An 18th-century marker, known as the parting stone, is still embedded at the fork of Roxbury and Centre streets, pointing the ways to Brookline and Dedham.

The Dillaway-Thomas House (183 Roxbury Street) was built about 1750 as parsonage for the first Church, just across John Eliot Square. Surviving a series of fires, the house has been restored as part of Roxbury Heritage State Park. (Open to the public; 445-3399)

Roxbury also has a pre-Revolutionary mansion, the Shirley-Eustis House (31 Shirley Street). Built around 1747 for William Shirley, the royal governor of Massachusetts from 1741 to 1756, the house was confiscated by the colonists during the Revolution for use as a barracks and hospital. It was later purchased by Dr. William Eustis, a surgeon who was governor of Massachusetts in the 1820s. This National Historic Landmark is designed in the Georgian style of its time. (Open to the public; 442-2275.)

Roxbury's location and high hills made the town strategically important during the Revolutionary War. The colonists constructed a fort in the Roxbury Highlands in 1775 to help secure land access to Boston, and troops camped on the lawn of the First Church.

After the American victory, Roxbury's citizens faced the task of rebuilding much of their war-damaged community. One important project was the construction of the present First Church in Roxbury, built in 1804 on the site of the original 1632 meetinghouse in John Eliot Square.
ROXBURY BECOMES A SUBURB
In the first generations after the Revolution, American society went through many changes as cities grew and industries developed. This process included a new ideal of "the good life." Instead of living near their work in the city, people wanted to live in free-standing, single-family houses with yards and trees.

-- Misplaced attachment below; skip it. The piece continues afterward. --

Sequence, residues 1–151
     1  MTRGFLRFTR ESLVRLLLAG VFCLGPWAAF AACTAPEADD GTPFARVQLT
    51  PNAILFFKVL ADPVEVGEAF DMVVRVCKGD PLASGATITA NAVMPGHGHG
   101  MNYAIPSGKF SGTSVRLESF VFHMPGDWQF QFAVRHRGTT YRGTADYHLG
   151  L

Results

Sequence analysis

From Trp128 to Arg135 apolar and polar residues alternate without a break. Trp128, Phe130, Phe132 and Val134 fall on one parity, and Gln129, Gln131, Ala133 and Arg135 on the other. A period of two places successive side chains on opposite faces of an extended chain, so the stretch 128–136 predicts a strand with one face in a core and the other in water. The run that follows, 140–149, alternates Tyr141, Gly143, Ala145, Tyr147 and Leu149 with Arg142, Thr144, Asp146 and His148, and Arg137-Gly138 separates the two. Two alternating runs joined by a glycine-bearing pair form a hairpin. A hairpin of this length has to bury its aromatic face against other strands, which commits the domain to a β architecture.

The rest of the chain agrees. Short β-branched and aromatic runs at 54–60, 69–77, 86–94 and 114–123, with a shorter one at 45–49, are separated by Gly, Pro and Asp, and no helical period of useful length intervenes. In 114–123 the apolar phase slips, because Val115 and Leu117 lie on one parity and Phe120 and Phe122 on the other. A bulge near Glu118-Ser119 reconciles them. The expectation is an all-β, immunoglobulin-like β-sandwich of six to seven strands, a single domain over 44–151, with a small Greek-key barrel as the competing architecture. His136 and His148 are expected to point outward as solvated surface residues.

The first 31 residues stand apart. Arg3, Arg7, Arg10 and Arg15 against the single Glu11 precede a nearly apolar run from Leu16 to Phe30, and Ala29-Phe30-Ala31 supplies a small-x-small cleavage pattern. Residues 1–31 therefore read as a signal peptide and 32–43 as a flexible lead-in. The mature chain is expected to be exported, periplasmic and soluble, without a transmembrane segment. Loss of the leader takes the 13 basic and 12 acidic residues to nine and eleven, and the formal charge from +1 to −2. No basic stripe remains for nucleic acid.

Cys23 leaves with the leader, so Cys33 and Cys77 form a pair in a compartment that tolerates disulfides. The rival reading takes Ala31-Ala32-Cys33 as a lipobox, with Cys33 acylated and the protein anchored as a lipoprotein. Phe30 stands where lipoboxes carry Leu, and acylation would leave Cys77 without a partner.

The front facade of the Georgian-style Shirley-Eustis House features giant pilasters, or flattened columns. Inside is a two-story salon for formal entertaining.

Changes in the economy and developments in transportation made it possible for many families to pursue this suburban ideal, and Roxbury was close enough to Boston to be a good choice. The first developments took place in the 1820s, when a horsedrawn bus line was established along Washington Street, linking Roxbury to Boston for commuters, and in 1835, when the railroad from Boston to Providence was sited along the Stony Brook Valley.

Soon Farmland began to be subdivided for single-family dwellings. Many of these handsome early frame houses were built in a style called the Greek Revival, modeled after columned Greek temples. This style caught the imagination of Americans because ancient Greece, like their new nation, was a republic rather than a monarchy. Many of these Greek Revival houses still line Highland Park and Mount Pleasant.

As the century went on, other times and places appealed to Americans, and various revival styles took root, with inspirations from Italy and France and from the Middle Ages. Many of the revival-style houses in Roxbury's early suburban days ere quite grand, the homes of wealthy industrialists who chose the tops of the hills in the Roxbury Highlands because of their views and breezes.

The pointed arches on Abbotsford's windows and main entrance are characteristics of the High Victorian Gothic style, inspired by the architecture of the Middle Ages.

One of the best examples of these early suburban houses is Abbotsford, now the Museum of the National Center of Afro-American Artists, at 300 Walnut Avenue. (Open to the public; 442-8614) This building is significant to Roxbury for several reasons. The most obvious is its beauty-it is a stately mansion that commands its site, and continues to be important to the community as the setting for the museum. In addition, it is built entirely of Roxbury puddingstone, a local building material. Finally, this building tells much about how people thought about their houses and their lives.

Designed by Boston architect Alden Frink for the prominent industrialist Aaron Davis Williams, Jr., Abbotsford was built in 1872 in the High Victorian Gothic style. Just as the American economy was becoming industrialized, many people looked with nostalgia to times before machines and factories. Ironically, Aaron Davis Williams, Jr., used his profits from industry to build a house that could remind him of a medieval castle.